It's not just the church, it's not just a hospital. At least this is what the Catholic Church says. It's not just an archdiocese. It's more than that.
JANET ADAMY: It is.
And one of the aspects of this provision the administration felt very confident about was they carved out an exemption for Catholic churches. So, if you're a church and you employ people, there is a wider exemption. But what the Catholic bishops are saying is, look, you may not be a church, but University of Notre Dame, Georgetown, a Catholic hospital, they still should have every right. And for that matter, an employer who may not be -- you know, it may be a person, a small business owner who is Catholic who objects to this.
They're saying that the law doesn't have any protections for those people that they feel they should have.
GWEN IFILL: The White House did this, I assume, because as we mentioned there was a scientific group that said this was a good idea to expand coverage to more people. And yet it seems to have put the White House not only here in this case, but also when it comes to who is speaking at whose colleges on commencement day into a pretty critical standoff with the Catholic Church.
JANET ADAMY: Yeah, it has.
Kathleen Sebelius, the health and human services secretary, was invited to speak at a Georgetown policy commencement ceremony last week. And there were some protests at that. There were some criticism about that.
Another interesting aspect to this is with the Notre Dame connection. President Obama was asked and did speak at Notre Dame's commencement in 2009. And so the fact that now, you know, somebody who'd been seen as a -- a school that had been seen as an ally of the administration is taking this turn is kind of a striking turn.
GWEN IFILL: Among other things, the Catholic groups today said that they felt there were no more viable options for them. Was there ever a viable course, or was -- if you decided this was a moral issue that was being imposed on you by the government, was there ever going to be a way to thread that needle?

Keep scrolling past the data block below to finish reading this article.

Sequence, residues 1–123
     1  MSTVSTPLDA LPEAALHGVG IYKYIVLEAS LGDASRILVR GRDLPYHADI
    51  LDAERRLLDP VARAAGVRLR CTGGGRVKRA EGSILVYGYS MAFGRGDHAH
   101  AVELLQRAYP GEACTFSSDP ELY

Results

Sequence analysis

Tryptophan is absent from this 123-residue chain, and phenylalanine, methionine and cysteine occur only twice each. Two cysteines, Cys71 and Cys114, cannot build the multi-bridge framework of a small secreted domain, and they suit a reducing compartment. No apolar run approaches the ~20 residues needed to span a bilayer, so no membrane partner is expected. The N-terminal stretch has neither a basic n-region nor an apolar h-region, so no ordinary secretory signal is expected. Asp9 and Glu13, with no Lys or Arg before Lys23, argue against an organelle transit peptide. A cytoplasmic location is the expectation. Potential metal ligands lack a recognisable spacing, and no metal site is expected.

JANET ADAMY: Well, it's a good question.
I think both sides were optimistic they could try to come to some kind of a compromise. One of the sticking points is that, for a lot of employers, they do what's called self-insuring. If it's a large employer, they actually take on the risk of providing -- of paying out claims. And they may hire an Aetna or a WellPoint to basically be their administrator.
So, their beef was that they said, well, there isn't an insurance company for us to funnel this through. Because we use this self-insured model, we don't have -- there isn't anybody that we can essentially pass this cost on to. So I think that was a large sticking point.
I think both sides were hopeful that they could come to an agreement. But it is very tricky to say that you're going to still require the employer to provide the coverage, but at the same time try to structure it in a way where they don't feel like they're supporting the policy.
GWEN IFILL: But so now that this is in the courts, is there a legislative solution still possible through the states or through the -- or in a way that will work its way to the Supreme Court?
JANET ADAMY: Well, I think it will be interesting to see what happens with the lawsuit.
I mean, there if -- you know, it's not out of the question that the lawsuit could block it. It remains to be seen how that would play out. I think one of the interesting things to point to is the broader lawsuit that is taking place against the health care overhaul that was considered by the Supreme Court in march and is expected to be decided on in June.
Back when those lawsuits were first filed people thought, well, that is a messaging lawsuit. It doesn't have a really good chance of passing or actually peeling back the law. And I think the feeling this time around is that even if it's not clear that there's a very strong legal case, that it could have big implications for whether the administration decides to stick to its guns on this policy or possibly back away from it.
GWEN IFILL: Another assault on another kind of mandate in the health care law.
Janet Adamy of The Wall Street Journal, thank you so much.
JANET ADAMY: My pleasure.